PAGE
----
How the concept of “don’t speak ill of the dead” is typically utilized is fraught with dismissal and erasure. Every time someone problematic dies, it is nearly inevitable to hear statements of “don’t speak ill of the dead,” but who does that idea serve? What benefit does it have? Certainly, if we want to learn from the past and honor those who have been harmed by people now deceased, we must speak honestly of the dead, even if being honest means speaking ill.
When Not to Speak Ill of the Dead
It can be argued that nothing is entirely good or bad, but instead is a mixture of benefits and drawbacks. So, even though I generally hate the demand to not speak ill of the dead, it does at times and under certain circumstances, have its place. One such time can be when you are specifically addressing those newly bereaving the dead. Generally, they deserve to have the opportunity to begin the grieving process without being beaten over the head with the mistakes, missteps, and ill deeds of their loved ones.
As someone who has never met, for example, Rush Limbaugh, it would be deplorably rude of me to seek out his funeral, show up, and demand that all in attendance listen to a litany of his ill deeds. It is not my place, and that is not the time.
I am, however, free to speak out in public or online. I am not addressing his loved ones directly or intervening in their grieving processes. Also, I have every right to demand that his harm be remembered, and point out that his life should not be celebrated, since he was such a deplorably awful person that his entire legacy is one of hatred, cruelty, and prejudice. No one is entirely good or bad, but he did a very deliberate job of making his life as much about being as awful as possible without personally committing genocide.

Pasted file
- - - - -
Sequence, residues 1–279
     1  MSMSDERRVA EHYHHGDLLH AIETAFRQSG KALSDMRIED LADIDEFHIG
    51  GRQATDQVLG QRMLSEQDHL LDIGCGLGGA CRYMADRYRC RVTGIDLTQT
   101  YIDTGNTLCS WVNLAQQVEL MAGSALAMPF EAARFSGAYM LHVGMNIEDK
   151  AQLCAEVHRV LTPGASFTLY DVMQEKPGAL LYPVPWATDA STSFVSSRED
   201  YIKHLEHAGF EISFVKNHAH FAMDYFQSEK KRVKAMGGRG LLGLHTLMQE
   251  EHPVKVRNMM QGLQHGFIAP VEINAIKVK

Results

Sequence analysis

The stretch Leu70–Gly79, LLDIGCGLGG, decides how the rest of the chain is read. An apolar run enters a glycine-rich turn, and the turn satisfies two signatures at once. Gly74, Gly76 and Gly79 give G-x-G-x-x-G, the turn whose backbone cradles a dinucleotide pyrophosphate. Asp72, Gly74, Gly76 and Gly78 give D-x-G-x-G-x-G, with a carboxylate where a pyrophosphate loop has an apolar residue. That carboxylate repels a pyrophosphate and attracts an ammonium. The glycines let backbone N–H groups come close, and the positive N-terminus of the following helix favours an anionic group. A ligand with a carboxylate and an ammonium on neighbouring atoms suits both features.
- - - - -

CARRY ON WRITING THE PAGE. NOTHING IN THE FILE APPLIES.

At some point, however, loved ones who would rather focus on the good things do need to face those uncomfortable or ugly truths, or they are culpable in perpetuating the harm done by the individual who has died. They can honor the grieving process, and their dead as well, while still retaining honesty about any shortcomings. The two are not mutually exclusive.
Ides of Dismissal
By the same token, if any of Limbaugh’s relatives and loved ones who take issue with how he conducted his life are compelled to attend his funeral, and expected to speak, they have every right to air whatever dirty laundry they wish to. That IS their space, because it is personal for them, and it would be cruel to expect them to ignore their pain or lie about the dead just so others can be comforted by sanitized platitudes. Maybe they will have nice things to say as well, or maybe they will feel like they can focus on nice things and leave the rest for later, but that is entirely up to them.
I do not expect to attend the funerals of any of my immediate family members, mostly because I have little to say about them that is nice, and I do not expect to do much grieving upon their deaths. I already have spent a lot of time grieving the fact that they were not the family I deserved or the family they superficially pretended to be. I do not believe I belong at their funerals because they are not my loved ones, and they proved over the course of my entire life that I am not among their loved ones either.
If for some reason I were to attend their funerals, expecting me to lie and shower them with praise would be disrespectful to me. The core of their problematic behavior involved lies, dismissal, obfuscation, gaslighting, and denial, so expecting me to partake of further such behavior to make them artificially look “good” would be a continuation of the abuses of my family. It would be cruel and ridiculous to expect me to ignore or dismiss any of the problematic history between us, at any time, no matter the reason, and there is absolutely nothing good I can say about any of them that is not tainted with or overwhelmed by bad things. Speaking honestly of my immediate blood family inherently involves “speaking ill.”
This dynamic of honesty at funerals is especially important when a funeral is framed as being for the living. Many funerals are framed as existing to help see the dead on to the afterlife. Others are framed to help the living with the grieving process so they can find closure and peace with what has been lost. Sometimes a funeral will have multiple distinct parts, with some of it focused on the dead, and other parts focused on the grief of the living.
“Don’t speak ill of the dead,” is usually framed as necessary for those experiencing grief, so they can focus on the good things when they are newly grieving. However, sometimes those grieving need to “speak ill” in order address their grief and find closure.